I have a confession to make, the flop shot is one of my favorite shots in all of golf. I cannot explain why, I just know there is a sense of satisfaction when you see a flop shot sky through the air and land softly right next to the hole.
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I remember taking my groomsmen to Hidden Hills Country Club in Jacksonville, FL to play a round before my wedding. On the 16th hole I hit a drive right behind a pretty good size bush and about 20 yards off the green. I hit a flop shot that basically landed on top of the flag and just stuck right next to the green waiting for me to tap it in. There is just something about a flop shot that I love.
The following is a tutorial on How To Hit A Flop Shot that I hope helps you to build a strong foundation for this great golf shot.
Before We Get Started On How To Hit A Flop Shot
What Exactly Is a Flop Shot?
A flop shot is a high, soft landing shot that lands on the green and stops quickly after landing. It is not usually an overly accurate shot because of the height it achieves, but if you learn how to judge it, it can be one of the most fun and effective shots to hit.
When Do You Need to Be Able to Hit a Flop Shot?
Because of the difficulty and lack of accuracy of the flop shot, there are relatively few times when you want to play it. Pitching and chipping are far more effective short game strategies to take as they do not travel as far or high in the air. However, there are a few times when a flop shot is necessary and important including but not limited to these situations:
- When you are close to the green but you have very little green to work with.
- When there is an obstacle between you and the green that requires you to hit a high shot to make it over.
- Anytime you need a shot between 10 and 40 yards to stop on a dime and the ball is in good position.
Why Is The Flop Shot Important?
What separates good players from really good players? The ability to get up and down. Getting the ball up and down more often is all about good putting and a short game that gives you a chance. The truth is that a lot of really good golfers miss the green from 150 yards out really often. The difference is that when they are 10 to 30 yards off the green, their par putt will be from 8 feet rather than 20. Single digit handicappers have a lot of different shots that they can creatively play around the greens, and the flop shot is one of them.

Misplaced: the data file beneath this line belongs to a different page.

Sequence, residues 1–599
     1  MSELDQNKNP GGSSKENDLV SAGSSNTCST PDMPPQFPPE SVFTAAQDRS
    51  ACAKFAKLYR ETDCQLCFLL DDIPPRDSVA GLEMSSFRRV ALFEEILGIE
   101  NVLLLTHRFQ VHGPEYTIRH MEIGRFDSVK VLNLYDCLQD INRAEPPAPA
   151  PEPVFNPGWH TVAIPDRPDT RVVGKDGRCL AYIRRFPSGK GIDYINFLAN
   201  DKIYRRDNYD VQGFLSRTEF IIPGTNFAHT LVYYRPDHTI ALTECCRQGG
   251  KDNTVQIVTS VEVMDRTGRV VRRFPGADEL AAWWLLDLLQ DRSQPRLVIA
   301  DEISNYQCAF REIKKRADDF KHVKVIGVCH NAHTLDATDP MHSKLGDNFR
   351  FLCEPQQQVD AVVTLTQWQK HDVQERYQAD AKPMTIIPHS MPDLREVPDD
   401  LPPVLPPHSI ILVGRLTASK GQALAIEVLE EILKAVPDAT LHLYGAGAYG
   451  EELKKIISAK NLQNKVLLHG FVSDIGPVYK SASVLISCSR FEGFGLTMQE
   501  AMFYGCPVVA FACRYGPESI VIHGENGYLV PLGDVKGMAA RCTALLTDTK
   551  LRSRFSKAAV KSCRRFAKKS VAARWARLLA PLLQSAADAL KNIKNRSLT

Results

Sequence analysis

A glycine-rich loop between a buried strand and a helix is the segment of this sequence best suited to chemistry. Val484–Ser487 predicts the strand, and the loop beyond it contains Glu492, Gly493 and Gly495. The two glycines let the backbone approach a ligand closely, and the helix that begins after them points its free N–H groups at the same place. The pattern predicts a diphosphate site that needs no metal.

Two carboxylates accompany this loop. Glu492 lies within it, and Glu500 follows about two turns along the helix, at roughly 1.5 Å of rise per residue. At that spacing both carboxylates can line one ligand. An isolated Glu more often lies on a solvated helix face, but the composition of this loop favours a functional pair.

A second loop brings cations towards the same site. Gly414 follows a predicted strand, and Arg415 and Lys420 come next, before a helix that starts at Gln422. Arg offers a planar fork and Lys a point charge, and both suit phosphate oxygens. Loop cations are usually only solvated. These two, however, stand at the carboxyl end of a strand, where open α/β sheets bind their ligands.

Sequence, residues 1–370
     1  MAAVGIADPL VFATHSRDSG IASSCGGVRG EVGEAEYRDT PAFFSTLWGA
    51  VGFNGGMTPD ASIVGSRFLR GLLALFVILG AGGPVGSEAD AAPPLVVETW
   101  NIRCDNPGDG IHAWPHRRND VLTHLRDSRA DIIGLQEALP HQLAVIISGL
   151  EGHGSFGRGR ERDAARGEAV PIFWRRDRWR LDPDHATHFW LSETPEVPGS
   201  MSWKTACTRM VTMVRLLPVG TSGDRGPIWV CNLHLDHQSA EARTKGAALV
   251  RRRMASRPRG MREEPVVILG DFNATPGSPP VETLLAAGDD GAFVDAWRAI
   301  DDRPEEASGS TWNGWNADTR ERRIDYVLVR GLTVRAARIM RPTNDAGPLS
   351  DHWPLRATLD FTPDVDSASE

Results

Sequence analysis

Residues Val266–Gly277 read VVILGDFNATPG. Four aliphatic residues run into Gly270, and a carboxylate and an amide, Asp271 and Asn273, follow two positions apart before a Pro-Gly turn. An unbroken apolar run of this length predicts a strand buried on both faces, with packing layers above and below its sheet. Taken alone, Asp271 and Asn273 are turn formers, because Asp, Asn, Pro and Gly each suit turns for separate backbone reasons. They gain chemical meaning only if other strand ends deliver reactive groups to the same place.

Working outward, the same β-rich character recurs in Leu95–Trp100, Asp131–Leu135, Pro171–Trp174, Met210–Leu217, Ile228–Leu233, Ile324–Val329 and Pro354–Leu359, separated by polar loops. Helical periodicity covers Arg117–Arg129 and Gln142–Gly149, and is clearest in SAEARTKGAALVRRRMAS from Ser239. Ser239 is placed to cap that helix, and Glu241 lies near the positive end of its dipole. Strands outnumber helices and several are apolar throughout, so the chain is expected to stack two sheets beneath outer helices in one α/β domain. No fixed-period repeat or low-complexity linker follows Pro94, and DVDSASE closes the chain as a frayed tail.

What Club Would You Most Likely Use to Hit a Flop Shot?
The answer to this questions depends on the number of wedges that you carry in your bag. Generally, however, if you have the skill set to hit a good flop shot, then chances are you are carrying a Lob wedge in your bag that is anywhere from 58 to 62 degrees and this is the club you should use.
What You Will Need To Hit A Flop Shot
Your club does not have to have an “L” on it to be used for a flop shot, but you do want to use the highest lofted club in your bag.
The Correct Lie
If you do not have the right lie, do not even try to hit a flop shot, it probably will not work. You want the ball to either be in the fairway or in the light rough where it is sitting up on the grass but not “fluffy” and unstable. On hard ground you are more likely to bounce of the ground and skull the shot and if the ball is sitting too high there is a good chance you will hit the ball too far up your club face and chunk it.
The flop shot is different than any other shot in your arsenal. The swing plane is different, the open stance is hard to get used to, and even the ball flight and roll can be difficult to predict. If you do not have a good imagination or creativity, then this shot will probably be difficult for you to get used to.
Step-By-Step Instructions On How To Hit A Flop Shot
Step 1. Setup
The setup to your shot is vital in hitting a successful flop. To do it right make sure you do these things prior to even making your first club movement:
- Open the clubface behind the ball to whatever level you want to hit your shot.